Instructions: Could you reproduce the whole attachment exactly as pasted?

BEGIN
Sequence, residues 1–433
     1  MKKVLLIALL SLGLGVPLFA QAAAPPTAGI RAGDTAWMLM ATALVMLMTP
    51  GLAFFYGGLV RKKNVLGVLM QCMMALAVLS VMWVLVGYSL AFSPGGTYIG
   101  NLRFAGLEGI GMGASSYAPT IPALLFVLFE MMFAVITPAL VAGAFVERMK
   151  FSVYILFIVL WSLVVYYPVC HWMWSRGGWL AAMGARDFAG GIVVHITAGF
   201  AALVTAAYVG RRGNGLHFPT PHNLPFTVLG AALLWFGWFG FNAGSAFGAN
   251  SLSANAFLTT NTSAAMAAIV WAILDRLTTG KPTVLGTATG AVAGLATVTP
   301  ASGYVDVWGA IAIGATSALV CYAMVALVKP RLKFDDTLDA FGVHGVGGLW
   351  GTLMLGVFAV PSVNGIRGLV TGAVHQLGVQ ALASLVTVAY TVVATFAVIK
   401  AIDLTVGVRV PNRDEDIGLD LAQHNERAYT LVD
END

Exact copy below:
Sequence, residues 1–433
     1  MKKVLLIALL SLGLGVPLFA QAAAPPTAGI RAGDTAWMLM ATALVMLMTP
    51  GLAFFYGGLV RKKNVLGVLM QCMMALAVLS VMWVLVGYSL AFSPGGTYIG
   101  NLRFAGLEGI GMGASSYAPT IPALLFVLFE MMFAVITPAL VAGAFVERMK
   151  FSVYILFIVL WSLVVYYPVC HWMWSRGGWL AAMGARDFAG GIVVHITAGF
   201  AALVTAAYVG RRGNGLHFPT PHNLPFTVLG AALLWFGWFG FNAGSAFGAN
   251  SLSANAFLTT NTSAAMAAIV WAILDRLTTG KPTVLGTATG AVAGLATVTP
   301  ASGYVDVWGA IAIGATSALV CYAMVALVKP RLKFDDTLDA FGVHGVGGLW
   351  GTLMLGVFAV PSVNGIRGLV TGAVHQLGVQ ALASLVTVAY TVVATFAVIK
   401  AIDLTVGVRV PNRDEDIGLD LAQHNERAYT LVD